Models related to plant protection can give an appreciation of a phenomenon, and provide ideas for priorities in research, as well as suggest management strategies. The problem with models is that mistakes can be huge when inaccurate assumptions are made about key parameters, as described with three sets of models: (1) our own model predicting that...
Article
Full-text available
The previous chapters have indicated where the evolution of exoferality (ferality engendered by introgression of genes from relatives) and endoferality (back mutations within the crop) can be problems, both with traditionally bred and with transgenic crops. Below, we try to further delineate and accentuate ensuing problems and then describe the sta...

Citations

... This approach may allow for targeting of molecular targets that have heretofore been considered to be undruggable, potentially greatly expanding the number of pesticide molecular targets. 75 Peptide-based venoms are being looked at as starting points for production of new arthropod pesticides. 76 The recent development and commercialization of a spider venom-based GS-omega/kappa Hxtx Hv1a peptide 77 for pest insect control highlights the viability of this approach. ...
... In addition, it is possible that a natural compound with an already known MOA is effective against a weed with resistance to that MOA, as the structural diversity of natural compounds allows them to bind to the target site differently from the conventional herbicide and become effective (Duke and Dayan, 2022). Moreover, many natural compounds have been found to show more than one molecular target site and more than one MOA, which makes them more effective in avoiding weed resistance (Duke et al., 2019;Gressel, 2020). For example, the natural compound sorgoleone inhibits the D2 protein in the photosystem II (PSII) and also inhibits the enzyme 4-hydroxyphenylpyruvate dioxygenase (involved in PSII plastoquinone synthesis), and linarin inhibits seed respiration, germination, root and hair growth and the donor side of PSII (Gressel, 2020). ...
... The rapid increase in biomarker identification and the decreasing cost of the technology is making biosensing a reality. The development of rapid, molecular-based agri-diagnostic tools has the potential to change the quality and timeliness of information supplied to the grower ( Gressel and Edwards, 2018). These molecular tools can provide very specific detail on the condition of the target plant, for example the level of multi-site herbicide resistance within a weed population or the type and level of micronutrient deficiency in a crop. ...
... Siccanol is produced by Drechslera siccans, a pathogenic fungus and a bicyclic sesterterpene (Lim et al., 1996). A siccanol dose of 100 mg/L completely inhibited root growth in Lolium multiflorum seedlings (Vurro, 2007). Chan and Jamison (2004) concluded that siccanol is not 11-epi-terpestacin, but (− )-terpestacin itself. ...
... For instance, urbanization has recently been associated with an increase in infectious air microbes (Li et al. 2019) whereas pesticides are known to modify soil microbial composition (Bond-Lamberty et al. 2016). Pesticide use could modify insect gut microbiomes by increasing selection pressure for insects that harbor microbes that provide resistance to chemicals (e.g., phenolic glycoside oleuropein and pinene) (Gressel 2018). Therefore, mosquito microbiomes might be subject to multiple environmental factors associated with global change. ...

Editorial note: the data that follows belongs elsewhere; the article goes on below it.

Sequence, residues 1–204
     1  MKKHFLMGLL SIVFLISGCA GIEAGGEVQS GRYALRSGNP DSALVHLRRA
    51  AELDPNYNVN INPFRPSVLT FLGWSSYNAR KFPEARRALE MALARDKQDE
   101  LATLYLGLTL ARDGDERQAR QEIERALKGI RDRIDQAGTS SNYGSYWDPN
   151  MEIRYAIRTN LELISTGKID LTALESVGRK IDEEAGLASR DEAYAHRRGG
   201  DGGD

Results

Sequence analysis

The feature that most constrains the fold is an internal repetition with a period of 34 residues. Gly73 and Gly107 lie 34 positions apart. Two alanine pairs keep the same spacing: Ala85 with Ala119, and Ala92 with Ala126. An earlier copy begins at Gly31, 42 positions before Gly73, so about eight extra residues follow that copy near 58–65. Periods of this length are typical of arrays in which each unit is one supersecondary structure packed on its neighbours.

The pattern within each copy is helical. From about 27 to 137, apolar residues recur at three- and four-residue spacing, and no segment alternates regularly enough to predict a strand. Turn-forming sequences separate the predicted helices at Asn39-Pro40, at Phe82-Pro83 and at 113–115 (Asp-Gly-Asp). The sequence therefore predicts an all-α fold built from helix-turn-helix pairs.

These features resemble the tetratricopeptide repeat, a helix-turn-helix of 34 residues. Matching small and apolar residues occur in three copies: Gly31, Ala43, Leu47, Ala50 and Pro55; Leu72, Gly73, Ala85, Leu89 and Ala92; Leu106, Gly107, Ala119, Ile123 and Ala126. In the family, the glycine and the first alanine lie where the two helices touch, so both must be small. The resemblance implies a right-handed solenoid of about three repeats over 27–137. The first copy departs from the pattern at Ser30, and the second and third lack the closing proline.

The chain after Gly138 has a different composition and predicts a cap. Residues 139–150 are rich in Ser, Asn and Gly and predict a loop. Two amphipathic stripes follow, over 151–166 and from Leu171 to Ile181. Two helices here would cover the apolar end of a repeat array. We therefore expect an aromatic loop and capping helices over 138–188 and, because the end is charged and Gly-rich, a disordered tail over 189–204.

... There is evidence of the involvement of multiple genes in resistance mechanisms [16,31,32]. The model presented here, in common with almost all previous ones [33], assumes a single 'resistance' gene per insecticide. ...
... Shedding light on the elements of this network and their target genes may help us to find novel targets for the construction of crops with enhanced AF resistance. Importantly, direct targeting of A. flavus by RNAi technologies may be more effective than the suppression of the AF biosynthetic gene cluster especially in late maturing grain under humid conditions (Gressel and Polturak, 2018). Hence, RNA interference-based targeting of other important genes maintaining fungal growth like spds (coding for spermidine synthase; Majumdar et al., 2018) is foreseeable. ...
... Although the possibility may be minimal, nonetheless, we must assess all available options for the management of wild species if and when the resistance trait escapes into these species (Werle et al. 2017b). A plant genotype/biotype that confers resistance to one herbicide or herbicide family but exhibits sensitivity to a different herbicide is termed as negative cross-resistance (Gressel and Segel 1990). Such negative cross-resistance can help in the management of weed species if they inherit the resistance trait by natural crossing. ...
... The development of a transgene pyramid has been a strategy used to control biotic factors under the claim of the presence of synergistic effects resulting from the combination of the proteins produced by the plants carrying the combined transgenes in the same genotype (Gressel, Gassmann & Owen, 2017;Owen, Beckie, Leeson, Norsworthy & Steckel, 2015). However, these studies disregard the negative effects of these exogenous gene combinations on the expression of other plant characters, especially with respect to the reaction on non-target organisms of transgenes (Bowers, Hellmich & Munkvold, 2013;Lazebnik, Arpaia, Baldacchino, Banzato, Moliterni, et al., 2017;Smith, Lepping, Rule, Farhan, & Schaafsma, 2017). ...
... Seed coating with PBM could protect plants against pathogens and improve seed germination against environmental stresses (e.g., drought and salinity) and agrochemicals (e.g., pesticides, growth regulators, and mineral fertilizers) (Ma 2019, Rocha et al. 2019a). Generally, different equipment and methods are used in seed coating to attain good application uniformity and adherence (Jeffs 1986). The use of appropriate seed coating equipment and methods stand can improve plant establishment and seedling vigor under environmental stresses (Ma 2019, Pedrini et al. 2017). ...